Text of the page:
Sports fans are clearly the least-empathetic creatures on earth. Don’t believe me? Then just ask Miami Dolphins quarterback, Chad Henne. On Aug. 1, Henne was booed by fans during a scrimmage at Sun Life Stadium. These jeers soon turned into a “We want Orton” chant, referring to Denver Broncos quarterback, Kyle Orton.
It’s one thing to be booed and ostracized by the opponent’s fans on the road, but to be heckled by your own fans during a practice is just unheard of. “We sitting here talking about practice. Not a game, not a game, not a game. We talking about practice.” Sorry, couldn’t resist channeling my inner Allen Iverson.
Look, believe it or not, athletes are humans too. They have feelings and emotions just like the rest of humanity. My name may not be Dr. Frasier Crane, however, one does not need a Ph.D. in clinical psychology to know this had to hurt Henne.
What exactly does booing your own team’s quarterback accomplish? There’s no denying Chad Henne had a disappointing season last year, but football is a team sport and there was plenty of blame to go around. We all know Henne is no Dan Marino or Bob Griese, but he is the starting quarterback of the Miami Dolphins, and true Dolphins fans should support him, not demonize him.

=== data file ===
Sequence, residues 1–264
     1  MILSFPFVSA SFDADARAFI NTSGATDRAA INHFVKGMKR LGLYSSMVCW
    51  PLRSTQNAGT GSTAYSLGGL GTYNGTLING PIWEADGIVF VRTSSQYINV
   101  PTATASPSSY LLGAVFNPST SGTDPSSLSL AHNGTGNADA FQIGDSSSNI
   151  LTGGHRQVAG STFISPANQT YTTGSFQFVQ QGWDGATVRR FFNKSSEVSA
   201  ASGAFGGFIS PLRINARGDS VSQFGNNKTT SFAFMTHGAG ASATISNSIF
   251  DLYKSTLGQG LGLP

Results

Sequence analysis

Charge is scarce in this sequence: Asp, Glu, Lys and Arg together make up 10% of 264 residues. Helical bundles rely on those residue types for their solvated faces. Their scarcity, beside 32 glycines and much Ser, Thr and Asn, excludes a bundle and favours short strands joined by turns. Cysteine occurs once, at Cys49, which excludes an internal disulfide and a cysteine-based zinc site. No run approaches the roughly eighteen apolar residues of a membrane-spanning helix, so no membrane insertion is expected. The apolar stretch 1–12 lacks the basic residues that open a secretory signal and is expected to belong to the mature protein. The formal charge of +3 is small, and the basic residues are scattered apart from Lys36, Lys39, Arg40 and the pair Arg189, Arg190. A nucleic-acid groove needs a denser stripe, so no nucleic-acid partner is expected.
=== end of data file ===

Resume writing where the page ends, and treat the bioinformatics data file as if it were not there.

The average person tends to place athletes up on a pedestal, and when these athletes fail to live up to expectations, watch out, because it’s hunting season and they are the rabbits. Next time you want to bash an athlete just because they aren’t living up to your standards on the field, don’t. How would you feel if you were the athlete being verbally abused?
Just like our NSU athletes, Henne is giving his maximum effort, and at the end of the day, that’s all anyone could ask for.